This is a very similar process to the¬†Basic Sauerkraut. I used a slightly smaller cabbage than before. It was a nice looking one, heavy for its volume (juicy), plus I have a little sauerkraut collection going in my fridge so I don’t need too much. Hoping to be able to give some away this weekend.

Grate the cabbage in a food processor and knead it in a wide bowl with the salt. You should knead away until your hands cramp up, and then take a break. Knead some more. You need a good amount of cabbage juice (water from the broken down cabbage cells) in the bottom of the bowl. Once the cabbage is starting to get soft and really giving up the juice, you can pour the whole lot into a wide mouth jar or crock. You just need something with enough room for the sauerkraut plus whatever you are going to use to hold the cabbage under the brine

Stir the the juniper berries and caraway seeds and push down the sauerkraut until the brine comes over all the cabbage. You may need to return to the sauerkraut in a couple of hours to push it down again. Once the sauerkraut is submerged, cover the container with a breathable piece of material and set it somewhere out of the way.

Check on the sauerkraut in about a week and every few days after that. It has only been taking a week or so recently for me, but it has been really hot. Whenever it reaches a sourness that is to your liking, go ahead and put it in the fridge. It’ll keep for months at those cool temperatures.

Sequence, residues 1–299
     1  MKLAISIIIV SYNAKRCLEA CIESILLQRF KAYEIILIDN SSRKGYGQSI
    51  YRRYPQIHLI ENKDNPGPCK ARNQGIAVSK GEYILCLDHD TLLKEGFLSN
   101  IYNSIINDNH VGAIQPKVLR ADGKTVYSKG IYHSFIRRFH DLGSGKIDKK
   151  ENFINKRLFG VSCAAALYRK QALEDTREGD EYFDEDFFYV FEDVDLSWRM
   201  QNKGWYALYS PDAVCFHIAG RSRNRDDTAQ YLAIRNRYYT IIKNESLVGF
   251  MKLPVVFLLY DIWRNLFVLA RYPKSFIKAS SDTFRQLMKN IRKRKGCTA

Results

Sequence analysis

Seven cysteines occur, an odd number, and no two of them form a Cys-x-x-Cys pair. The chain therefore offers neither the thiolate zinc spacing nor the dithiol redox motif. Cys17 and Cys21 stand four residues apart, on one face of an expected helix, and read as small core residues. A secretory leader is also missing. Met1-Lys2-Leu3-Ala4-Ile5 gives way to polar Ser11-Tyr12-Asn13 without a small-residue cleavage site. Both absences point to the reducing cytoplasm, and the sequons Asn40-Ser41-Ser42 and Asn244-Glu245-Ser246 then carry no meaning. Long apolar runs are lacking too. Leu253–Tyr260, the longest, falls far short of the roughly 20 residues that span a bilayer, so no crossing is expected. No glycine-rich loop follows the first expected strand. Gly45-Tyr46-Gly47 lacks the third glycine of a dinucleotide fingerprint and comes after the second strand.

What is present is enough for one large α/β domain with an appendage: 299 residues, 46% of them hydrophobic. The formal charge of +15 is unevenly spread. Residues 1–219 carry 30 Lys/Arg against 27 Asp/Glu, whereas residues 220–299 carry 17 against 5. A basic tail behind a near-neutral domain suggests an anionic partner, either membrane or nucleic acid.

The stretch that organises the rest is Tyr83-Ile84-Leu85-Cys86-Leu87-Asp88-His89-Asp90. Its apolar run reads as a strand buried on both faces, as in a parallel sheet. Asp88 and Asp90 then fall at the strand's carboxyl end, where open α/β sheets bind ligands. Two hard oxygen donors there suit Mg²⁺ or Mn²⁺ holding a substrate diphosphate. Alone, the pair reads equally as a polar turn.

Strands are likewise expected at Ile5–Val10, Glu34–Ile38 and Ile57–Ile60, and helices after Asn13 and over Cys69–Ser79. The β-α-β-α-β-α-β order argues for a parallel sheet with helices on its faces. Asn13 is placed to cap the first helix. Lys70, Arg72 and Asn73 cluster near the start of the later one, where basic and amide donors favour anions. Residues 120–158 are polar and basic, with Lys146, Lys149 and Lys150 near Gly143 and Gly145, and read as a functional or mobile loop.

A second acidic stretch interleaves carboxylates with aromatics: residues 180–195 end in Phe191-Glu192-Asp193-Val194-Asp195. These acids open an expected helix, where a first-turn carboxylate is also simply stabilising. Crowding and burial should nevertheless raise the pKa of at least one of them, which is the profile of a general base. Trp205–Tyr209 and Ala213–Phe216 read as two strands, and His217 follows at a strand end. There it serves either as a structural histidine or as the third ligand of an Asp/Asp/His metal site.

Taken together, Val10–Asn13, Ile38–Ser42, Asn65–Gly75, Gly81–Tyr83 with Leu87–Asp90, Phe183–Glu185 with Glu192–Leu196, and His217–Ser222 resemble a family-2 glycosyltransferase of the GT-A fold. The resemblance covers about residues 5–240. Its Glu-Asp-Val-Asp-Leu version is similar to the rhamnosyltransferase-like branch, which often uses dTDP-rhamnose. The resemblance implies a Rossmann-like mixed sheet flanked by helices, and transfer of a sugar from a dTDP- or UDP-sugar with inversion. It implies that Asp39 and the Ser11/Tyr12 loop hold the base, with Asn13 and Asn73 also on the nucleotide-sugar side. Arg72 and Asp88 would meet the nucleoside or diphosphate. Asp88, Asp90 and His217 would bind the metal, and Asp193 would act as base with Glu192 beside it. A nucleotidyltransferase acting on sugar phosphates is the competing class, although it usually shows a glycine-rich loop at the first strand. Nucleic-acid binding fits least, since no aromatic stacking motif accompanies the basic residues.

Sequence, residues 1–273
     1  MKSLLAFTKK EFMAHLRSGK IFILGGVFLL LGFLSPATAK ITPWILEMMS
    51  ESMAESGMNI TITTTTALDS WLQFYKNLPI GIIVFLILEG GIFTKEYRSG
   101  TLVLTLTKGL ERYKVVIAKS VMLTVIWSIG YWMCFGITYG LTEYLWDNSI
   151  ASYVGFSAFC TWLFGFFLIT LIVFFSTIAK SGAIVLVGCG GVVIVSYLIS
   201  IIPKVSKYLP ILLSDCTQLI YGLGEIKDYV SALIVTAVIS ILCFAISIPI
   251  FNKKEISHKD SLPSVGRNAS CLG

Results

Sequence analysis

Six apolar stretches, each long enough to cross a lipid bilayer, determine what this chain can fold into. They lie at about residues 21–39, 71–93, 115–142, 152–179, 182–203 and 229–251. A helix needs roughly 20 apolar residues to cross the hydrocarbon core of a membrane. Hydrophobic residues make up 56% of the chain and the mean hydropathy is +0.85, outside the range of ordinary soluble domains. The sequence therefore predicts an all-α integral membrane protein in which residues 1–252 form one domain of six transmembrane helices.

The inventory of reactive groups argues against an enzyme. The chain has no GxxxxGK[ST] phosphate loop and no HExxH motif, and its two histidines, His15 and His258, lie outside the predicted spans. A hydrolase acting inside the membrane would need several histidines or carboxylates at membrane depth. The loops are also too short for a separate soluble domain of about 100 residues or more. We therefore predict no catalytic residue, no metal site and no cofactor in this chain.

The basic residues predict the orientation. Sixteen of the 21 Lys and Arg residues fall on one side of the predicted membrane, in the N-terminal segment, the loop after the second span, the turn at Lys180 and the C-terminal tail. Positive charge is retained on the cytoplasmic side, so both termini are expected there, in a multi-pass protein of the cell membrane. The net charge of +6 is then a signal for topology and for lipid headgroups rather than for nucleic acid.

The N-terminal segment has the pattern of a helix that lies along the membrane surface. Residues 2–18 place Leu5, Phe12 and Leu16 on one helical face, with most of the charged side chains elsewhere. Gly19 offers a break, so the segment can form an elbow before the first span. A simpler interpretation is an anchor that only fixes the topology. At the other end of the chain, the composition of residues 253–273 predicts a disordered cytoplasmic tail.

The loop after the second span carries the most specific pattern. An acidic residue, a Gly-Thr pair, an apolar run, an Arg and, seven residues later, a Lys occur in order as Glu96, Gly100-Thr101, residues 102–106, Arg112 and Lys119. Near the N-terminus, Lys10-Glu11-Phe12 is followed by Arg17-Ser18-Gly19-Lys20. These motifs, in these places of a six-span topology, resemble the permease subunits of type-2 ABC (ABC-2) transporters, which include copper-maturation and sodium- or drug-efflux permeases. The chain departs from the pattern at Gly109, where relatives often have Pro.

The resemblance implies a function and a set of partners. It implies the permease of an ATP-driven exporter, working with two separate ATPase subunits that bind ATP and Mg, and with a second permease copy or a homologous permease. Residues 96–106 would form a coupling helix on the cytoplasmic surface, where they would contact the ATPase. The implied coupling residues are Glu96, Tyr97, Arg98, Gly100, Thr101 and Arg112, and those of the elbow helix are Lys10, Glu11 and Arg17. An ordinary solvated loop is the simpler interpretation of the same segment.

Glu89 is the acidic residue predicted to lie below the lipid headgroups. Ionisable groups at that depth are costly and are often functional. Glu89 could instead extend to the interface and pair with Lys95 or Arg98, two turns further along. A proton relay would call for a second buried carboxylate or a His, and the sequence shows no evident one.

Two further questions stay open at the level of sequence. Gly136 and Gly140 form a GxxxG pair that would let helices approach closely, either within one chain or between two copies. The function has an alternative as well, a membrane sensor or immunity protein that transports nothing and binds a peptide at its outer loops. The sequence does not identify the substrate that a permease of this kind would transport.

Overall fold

So as you can see juniper is a really versatile plant, and has loads more uses than I list here. Do your own research and educate yourself on juniper to see how it can improve your life. I can not repeat enough, always be careful and know which species you are using, no one likes to end up dead. Check for interactions on sites like WebMD, and make sure that if you have any doubts, even in the slightest, that you ask a professional!

If you would like to learn more about Native American’s use of Juniper go here.

If you ever want to learn about the Nordic brewing, or ANY brewing really, no one is better than Michael Jackson (not the one you immediately think of, this guy) he is pretty much the Franz Boas of Brewing (and if you get that reference without googling it, you get a cookie! If you didn’t check him out ūüôā ).¬†For an easier, more modern,¬†all grain Sahti go here, for a super packed with information, and pictures, traditional version go here.